These Powerful #StopAsianHate Images Defy Asian Stereotypes

Designed by creative director, Lionel Wong, these bold visuals feature common slurs directed towards Asians, followed by blunt, unapologetic retorts.

Designed by creative director, Lionel Wong, these bold visuals feature common slurs directed towards Asians, followed by blunt, unapologetic retorts.

(Photos: Lionel Wong)

by Madelyn Chung
March 25, 2021

“Asians have weird traditions.”

“Asians are nerds.”

“Asians should go back to China.”

These are a few of the harmful words and phrases members of the Asian community know all too well. They’re the things we’ve been hearing on a regular basis since we were kids, the stereotypes that we’ve been subjected for the majority of our lives.

And now, due to the COVID-19 pandemic, we can add two more phrases to that list: “Asians made America sick” and “Asians spread coronavirus.”

Anti-Asian racism isn’t anything new, but since the start of the pandemic, there has been a significant rise in anti-Asian hate crimes. A recent report from the Chinese Canadian National Council Toronto Chapter shows there were over 1,000 total cases of racist attacks and incidents reported on the platforms and between March 10, 2020 and February 28, 2021 in Canada, and in the United States, there were nearly 3,800 incidents reported over the course of a year during the pandemic, according to a report by Stop AAPI Hate. Then, there was the tragic mass shooting that took place at three Atlanta spas last week, killing eight people, including six Asian women.

For Lionel Wong, a Chinese Canadian creative director in the ad industry, the uptick in Asian hate crimes was too big to ignore. So he decided to take a bold stance against Asian hate in the best way he knew how: a series of powerful and blunt visuals that clap back at the slurs and stereotypes directed towards the Asian community.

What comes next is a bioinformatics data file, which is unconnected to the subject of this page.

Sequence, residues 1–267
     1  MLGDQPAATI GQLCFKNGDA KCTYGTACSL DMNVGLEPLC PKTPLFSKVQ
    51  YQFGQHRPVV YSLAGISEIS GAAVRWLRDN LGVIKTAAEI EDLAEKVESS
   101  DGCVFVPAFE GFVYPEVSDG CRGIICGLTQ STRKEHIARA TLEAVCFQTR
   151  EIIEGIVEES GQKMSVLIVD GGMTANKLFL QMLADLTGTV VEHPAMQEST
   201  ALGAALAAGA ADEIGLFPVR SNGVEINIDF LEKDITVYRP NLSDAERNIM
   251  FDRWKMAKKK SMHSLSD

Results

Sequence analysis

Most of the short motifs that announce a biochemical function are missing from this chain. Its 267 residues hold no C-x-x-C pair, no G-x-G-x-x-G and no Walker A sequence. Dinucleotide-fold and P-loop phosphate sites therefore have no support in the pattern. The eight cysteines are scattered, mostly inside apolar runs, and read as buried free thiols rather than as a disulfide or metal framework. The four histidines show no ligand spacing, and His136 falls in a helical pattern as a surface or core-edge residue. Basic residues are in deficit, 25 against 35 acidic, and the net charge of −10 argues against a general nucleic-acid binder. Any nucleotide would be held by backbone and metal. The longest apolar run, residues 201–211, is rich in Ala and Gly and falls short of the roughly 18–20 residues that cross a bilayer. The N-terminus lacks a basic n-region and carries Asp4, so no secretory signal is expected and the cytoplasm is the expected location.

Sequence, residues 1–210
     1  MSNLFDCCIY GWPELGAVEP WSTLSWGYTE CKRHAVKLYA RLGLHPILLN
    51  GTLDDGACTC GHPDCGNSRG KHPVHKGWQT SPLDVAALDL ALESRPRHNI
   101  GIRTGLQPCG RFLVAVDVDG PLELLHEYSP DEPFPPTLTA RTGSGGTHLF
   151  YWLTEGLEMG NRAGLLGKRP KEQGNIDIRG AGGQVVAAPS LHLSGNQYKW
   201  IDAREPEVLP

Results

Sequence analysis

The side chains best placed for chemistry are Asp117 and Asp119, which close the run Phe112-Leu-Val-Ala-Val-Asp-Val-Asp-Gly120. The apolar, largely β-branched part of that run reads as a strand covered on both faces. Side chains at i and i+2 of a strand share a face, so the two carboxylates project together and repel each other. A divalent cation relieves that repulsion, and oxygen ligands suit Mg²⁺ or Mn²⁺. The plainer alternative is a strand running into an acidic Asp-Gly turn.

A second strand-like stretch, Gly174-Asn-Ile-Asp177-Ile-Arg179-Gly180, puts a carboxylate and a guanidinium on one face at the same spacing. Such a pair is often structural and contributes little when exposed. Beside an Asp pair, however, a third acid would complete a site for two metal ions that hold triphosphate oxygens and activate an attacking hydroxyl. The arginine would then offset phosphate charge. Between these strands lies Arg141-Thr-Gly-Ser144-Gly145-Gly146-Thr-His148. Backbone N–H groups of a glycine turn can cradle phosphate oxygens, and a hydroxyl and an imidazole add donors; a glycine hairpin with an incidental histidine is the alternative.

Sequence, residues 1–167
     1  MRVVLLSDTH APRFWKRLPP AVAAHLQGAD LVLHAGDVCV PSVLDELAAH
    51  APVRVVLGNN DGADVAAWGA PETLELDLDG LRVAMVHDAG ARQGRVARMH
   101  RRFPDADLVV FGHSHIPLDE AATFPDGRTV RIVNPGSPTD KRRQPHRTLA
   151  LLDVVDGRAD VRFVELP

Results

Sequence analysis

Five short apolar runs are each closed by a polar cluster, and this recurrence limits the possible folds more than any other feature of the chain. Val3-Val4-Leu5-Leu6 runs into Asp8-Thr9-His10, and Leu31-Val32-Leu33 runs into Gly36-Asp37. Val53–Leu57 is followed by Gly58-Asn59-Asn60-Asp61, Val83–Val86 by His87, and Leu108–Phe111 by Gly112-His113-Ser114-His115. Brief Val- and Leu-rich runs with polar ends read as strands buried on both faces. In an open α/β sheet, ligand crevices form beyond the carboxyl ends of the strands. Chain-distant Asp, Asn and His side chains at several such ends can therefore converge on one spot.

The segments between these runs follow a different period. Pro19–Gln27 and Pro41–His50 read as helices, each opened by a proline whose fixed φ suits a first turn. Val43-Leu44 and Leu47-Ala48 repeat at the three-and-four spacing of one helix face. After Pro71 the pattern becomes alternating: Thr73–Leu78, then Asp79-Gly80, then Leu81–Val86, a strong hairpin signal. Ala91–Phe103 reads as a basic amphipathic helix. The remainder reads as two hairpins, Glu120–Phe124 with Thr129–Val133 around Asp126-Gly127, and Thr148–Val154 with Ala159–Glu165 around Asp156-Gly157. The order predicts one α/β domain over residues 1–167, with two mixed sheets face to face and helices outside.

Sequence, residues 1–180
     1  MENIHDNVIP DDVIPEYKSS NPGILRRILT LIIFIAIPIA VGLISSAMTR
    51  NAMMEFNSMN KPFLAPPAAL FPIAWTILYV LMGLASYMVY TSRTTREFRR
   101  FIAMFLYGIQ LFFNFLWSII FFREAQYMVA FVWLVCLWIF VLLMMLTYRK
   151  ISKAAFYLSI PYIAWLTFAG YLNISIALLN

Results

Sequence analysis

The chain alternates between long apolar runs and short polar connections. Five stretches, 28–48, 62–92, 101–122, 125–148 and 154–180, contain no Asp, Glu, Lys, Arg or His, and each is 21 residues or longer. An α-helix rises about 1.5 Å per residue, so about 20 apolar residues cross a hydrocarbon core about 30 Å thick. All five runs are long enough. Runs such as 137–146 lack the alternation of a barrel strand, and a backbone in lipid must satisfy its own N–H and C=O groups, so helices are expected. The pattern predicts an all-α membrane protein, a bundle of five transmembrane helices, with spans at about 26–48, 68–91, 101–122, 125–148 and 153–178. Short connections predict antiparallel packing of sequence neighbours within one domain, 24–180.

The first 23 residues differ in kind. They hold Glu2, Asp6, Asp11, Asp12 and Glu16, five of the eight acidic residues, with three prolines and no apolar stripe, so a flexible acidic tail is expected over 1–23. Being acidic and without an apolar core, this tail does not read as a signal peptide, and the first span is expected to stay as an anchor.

“I had a lot of feelings inside — I was angry, sad, disgusted and felt helpless,” Wong tells The RepresentASIAN Project. “The violence against our community has gotten so serious that there’s no letting that shit go anymore…and you start thinking, ‘What if that was my family?”

“I knew that flying out to New York, Oakland or Vancouver to patrol the streets wasn’t really an option, so I sat down and started brainstorming what I could do to help…if anything,” he continues. “After seeing what else was out there on social with #StopAsianHate, I noticed a lot of it was just those three words…which by themselves don’t really do anything. What does it mean? What’s happening? Where can I learn more?”

“And that became my brief…create something that expresses what I’m feeling, starts conversations and gives people a few resources where they can educate themselves.”

Wong then began thinking about why people hate Asians and all the stereotypes he heard when he was growing up.

“The scary part about it, is that I had become [desensitized] to most of them. That’s just the way it was growing up in the ’80s and ’90s—you don’t get a voice, there’s no representation, and no one cares,” he recalls.

Once he had the list of “Asian hate headlines,” he began to critique them in a way that would convey the anger and emotion that he was feeling inside.

“I wanted people to question why they were seeing the stereotype or hate message, and hopefully be a little disgusted by it,” he explains.

The result was nine visual assets, each with a common slur and Wong’s own retorts: “Asians all looks the same” reads one, followed by “Yet somehow you still manage to target the defenceless ones.” Another says, “Asians have small dicks,” followed by “But we’ve got bigger balls than you’ll ever have, cowards.”

Though Wong says the creative side in him was nervous to share this headline campaign, the Asian in him was “proud, passionate and just needed an outlet to express what [he] was feeling.”

And as it turns out, Wong wasn’t the only one who felt that way. Since posting these images on social media, he says he’s received a ton of great feedback.

“If I can do even the littlest thing to give the community a voice and educate those outside our community, then it was worth it,” he says.

And though Wong himself says he is on alert and on watch every time he leaves home now, he’s “always ready to defend [himself], [his] family and anyone else being victimized by a hate crime.

“It’s exhausting, but right now it’s necessary,” he says. “Asian people are resilient. We’ve proven this throughout history. So you better believe we’re gonna defend ourselves until this is over.”

Supports and Resources:

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Mental Health Resources


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